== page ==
The Washington State Liquor and Cannabis Board recently published a report that found it’s a (little bit) easier for minors (under 21 years of age) to buy liquor and tobacco from liquor stores than trying to purchase cannabis from adult-use cannabis stores. This is good news in light of reports that the price of pot has taken a nose dive since retailers opened in 2014. Some feared dropping prices would equate to easier access for teens. When the first state-licensed cannabis stores opened in 2014, a gram sold for $30. Now? Just $8.61!
The Liquor and Cannabis Board’s enforcement officer, Justin Nordhorn, reported the agency set up a test to see how outlets would respond to minors trying to acquire three restricted products (cannabis, booze, and tobacco).
Adult-use cannabis retailers passed the test 90 percent of the time. In contrast, liquor stores passed 86% of the time for alcohol (and predictably lower for tobacco products). Four percent may not be a huge difference, but if this were school, that would be the difference between a solid “B” and an “A-.”
Arguably, there’s still work to be done. The goal, of course, should be for both cannabis retailers and liquor stores to score in the high 90s (if not, 100%).
Washington state has made it a priority to keep cannabis out of the hands of minors; for both health and safety reasons, and to meet federal Department of Justice guidelines for permitting the sale of a product that while legal under State law, is still federally illegal. With a new administration coming in this January, predictably there’s a lot of uncertainty on how the Trump administration will honor existing guidelines. On a positive note, of the hundreds of issues Congressional Republicans asked president-elect Trump to prioritize, gutting cannabis policy did not make the “wish list.”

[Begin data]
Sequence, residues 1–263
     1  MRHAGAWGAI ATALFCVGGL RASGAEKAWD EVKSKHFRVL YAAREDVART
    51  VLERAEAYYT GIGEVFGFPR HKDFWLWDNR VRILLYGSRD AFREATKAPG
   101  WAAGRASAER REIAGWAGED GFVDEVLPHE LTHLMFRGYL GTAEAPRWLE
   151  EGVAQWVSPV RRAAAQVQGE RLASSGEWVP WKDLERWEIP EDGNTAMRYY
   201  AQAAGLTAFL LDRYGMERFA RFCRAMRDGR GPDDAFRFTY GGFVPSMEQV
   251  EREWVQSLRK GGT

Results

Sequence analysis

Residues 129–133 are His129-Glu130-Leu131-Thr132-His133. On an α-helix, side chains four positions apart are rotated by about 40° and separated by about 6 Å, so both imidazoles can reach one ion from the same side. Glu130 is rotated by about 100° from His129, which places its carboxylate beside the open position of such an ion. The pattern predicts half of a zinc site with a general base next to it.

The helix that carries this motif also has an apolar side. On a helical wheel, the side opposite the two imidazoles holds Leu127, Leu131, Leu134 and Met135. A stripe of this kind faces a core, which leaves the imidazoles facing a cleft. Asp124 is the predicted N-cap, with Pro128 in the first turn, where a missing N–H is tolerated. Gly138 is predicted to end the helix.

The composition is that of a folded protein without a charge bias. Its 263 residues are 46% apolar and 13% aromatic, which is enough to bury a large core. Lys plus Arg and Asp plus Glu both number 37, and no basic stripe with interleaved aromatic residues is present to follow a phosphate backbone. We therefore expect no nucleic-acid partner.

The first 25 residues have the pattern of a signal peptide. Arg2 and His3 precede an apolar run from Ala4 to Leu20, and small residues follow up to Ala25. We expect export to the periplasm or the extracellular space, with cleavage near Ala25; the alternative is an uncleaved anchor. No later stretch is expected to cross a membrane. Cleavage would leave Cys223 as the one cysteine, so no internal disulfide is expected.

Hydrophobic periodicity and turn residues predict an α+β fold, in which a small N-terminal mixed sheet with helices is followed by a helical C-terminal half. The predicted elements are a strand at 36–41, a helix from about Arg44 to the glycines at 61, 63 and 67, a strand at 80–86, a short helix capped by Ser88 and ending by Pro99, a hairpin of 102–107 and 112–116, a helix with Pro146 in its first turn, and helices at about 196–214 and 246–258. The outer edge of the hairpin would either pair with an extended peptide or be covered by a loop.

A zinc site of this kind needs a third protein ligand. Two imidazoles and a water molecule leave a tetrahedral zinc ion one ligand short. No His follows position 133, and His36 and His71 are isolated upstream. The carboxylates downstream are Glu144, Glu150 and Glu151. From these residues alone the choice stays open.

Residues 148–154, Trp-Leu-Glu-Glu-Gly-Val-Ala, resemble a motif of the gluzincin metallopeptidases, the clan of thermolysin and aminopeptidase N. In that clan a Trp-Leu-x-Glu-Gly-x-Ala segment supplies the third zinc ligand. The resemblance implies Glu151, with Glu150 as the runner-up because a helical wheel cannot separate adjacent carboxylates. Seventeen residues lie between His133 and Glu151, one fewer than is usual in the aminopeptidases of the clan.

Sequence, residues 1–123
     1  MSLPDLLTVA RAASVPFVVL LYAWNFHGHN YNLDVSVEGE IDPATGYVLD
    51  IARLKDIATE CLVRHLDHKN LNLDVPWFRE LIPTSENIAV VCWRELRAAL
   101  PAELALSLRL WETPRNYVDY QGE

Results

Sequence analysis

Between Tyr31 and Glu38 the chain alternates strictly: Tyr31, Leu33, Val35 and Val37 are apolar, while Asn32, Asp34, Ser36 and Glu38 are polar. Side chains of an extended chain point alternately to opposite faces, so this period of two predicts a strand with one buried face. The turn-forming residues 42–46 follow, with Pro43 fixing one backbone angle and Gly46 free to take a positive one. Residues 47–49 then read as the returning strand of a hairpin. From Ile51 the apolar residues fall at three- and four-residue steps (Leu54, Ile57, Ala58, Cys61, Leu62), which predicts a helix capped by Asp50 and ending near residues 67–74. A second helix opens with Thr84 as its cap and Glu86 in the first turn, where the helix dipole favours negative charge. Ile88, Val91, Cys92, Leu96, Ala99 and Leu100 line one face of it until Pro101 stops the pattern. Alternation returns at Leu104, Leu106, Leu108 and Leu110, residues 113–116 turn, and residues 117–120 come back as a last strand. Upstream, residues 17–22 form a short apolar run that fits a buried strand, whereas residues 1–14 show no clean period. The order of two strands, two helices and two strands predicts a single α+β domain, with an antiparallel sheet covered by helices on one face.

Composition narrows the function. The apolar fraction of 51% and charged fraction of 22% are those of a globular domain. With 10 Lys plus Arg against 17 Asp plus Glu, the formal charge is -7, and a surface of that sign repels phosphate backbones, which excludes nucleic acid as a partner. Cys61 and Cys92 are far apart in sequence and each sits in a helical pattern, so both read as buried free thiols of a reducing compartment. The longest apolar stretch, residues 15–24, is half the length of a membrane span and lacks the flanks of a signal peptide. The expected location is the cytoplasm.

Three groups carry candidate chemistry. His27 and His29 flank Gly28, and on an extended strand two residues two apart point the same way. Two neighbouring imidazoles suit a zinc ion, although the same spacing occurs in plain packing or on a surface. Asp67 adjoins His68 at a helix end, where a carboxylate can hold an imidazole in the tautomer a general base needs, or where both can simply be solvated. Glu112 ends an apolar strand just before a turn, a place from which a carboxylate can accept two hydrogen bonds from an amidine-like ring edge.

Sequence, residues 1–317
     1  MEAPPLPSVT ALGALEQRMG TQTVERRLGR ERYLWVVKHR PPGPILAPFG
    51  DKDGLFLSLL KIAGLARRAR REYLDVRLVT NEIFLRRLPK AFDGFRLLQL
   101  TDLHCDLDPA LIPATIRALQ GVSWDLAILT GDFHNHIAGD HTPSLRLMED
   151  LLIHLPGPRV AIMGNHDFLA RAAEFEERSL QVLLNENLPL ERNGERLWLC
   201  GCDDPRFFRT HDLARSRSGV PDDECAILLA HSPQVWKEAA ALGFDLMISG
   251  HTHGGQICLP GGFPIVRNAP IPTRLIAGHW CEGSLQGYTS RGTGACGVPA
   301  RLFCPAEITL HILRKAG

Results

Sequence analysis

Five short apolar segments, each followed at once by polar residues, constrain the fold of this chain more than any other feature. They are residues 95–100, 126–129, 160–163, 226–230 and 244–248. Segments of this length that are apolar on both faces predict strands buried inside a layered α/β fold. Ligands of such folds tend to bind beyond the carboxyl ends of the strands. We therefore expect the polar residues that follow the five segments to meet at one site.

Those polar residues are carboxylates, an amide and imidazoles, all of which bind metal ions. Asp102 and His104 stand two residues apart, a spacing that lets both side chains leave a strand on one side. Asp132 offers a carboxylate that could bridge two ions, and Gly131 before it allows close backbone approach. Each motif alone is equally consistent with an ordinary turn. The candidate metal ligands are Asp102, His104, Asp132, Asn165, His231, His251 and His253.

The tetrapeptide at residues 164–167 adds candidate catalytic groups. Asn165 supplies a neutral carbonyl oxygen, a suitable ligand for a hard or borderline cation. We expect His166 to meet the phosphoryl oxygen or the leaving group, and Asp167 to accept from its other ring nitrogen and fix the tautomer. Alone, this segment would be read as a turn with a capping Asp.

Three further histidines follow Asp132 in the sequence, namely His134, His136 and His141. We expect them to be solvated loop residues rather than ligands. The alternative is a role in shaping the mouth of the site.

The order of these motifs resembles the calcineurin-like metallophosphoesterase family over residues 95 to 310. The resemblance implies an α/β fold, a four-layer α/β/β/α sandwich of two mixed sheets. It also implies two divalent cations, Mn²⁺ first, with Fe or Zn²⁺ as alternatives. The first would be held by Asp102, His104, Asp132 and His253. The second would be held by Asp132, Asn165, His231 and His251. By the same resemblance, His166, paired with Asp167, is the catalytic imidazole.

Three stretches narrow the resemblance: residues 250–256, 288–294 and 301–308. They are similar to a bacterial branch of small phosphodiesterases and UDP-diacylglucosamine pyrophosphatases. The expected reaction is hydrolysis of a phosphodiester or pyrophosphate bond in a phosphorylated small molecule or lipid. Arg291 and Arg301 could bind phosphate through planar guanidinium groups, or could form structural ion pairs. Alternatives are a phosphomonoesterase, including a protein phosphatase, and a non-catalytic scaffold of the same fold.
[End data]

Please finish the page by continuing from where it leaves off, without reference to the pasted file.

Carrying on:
Currently, there are 1,200 licensed growers and processors and 462 licensed marijuana retail outlets. Sales nearly reached $1 billion in sales for the fiscal year ending June 30. New data shows that so far this calendar year, sales have reached nearly $1.3 billion, netting The State, $240 million in taxes. Not too shabby!
Regulation continues to focus on keeping cannabis out of the hands of kids, and for good reason. Adolescence is a critical time for brain development, and while most studies have found that moderate cannabis use is relatively safe for adults, adolescents are at greater risk for experiencing persistent cognitive impairments and developing a use-disorder as adults. (Cannabis is not unique in this regard; similar risks exist for teen alcohol or nicotine use.)
In a continued effort to keep cannabis out of the hands of kids, starting in February 2017, regulations will require all cannabis-infused products carry a label with a red hand that says: “Not for Kids.” This should be an effective strategy as kids always heed warnings telling them what not to do! Arguably, the labeling will be more effective as a tool to remind parents to keep innocent looking cookies and chocolates beyond the reach of young ones.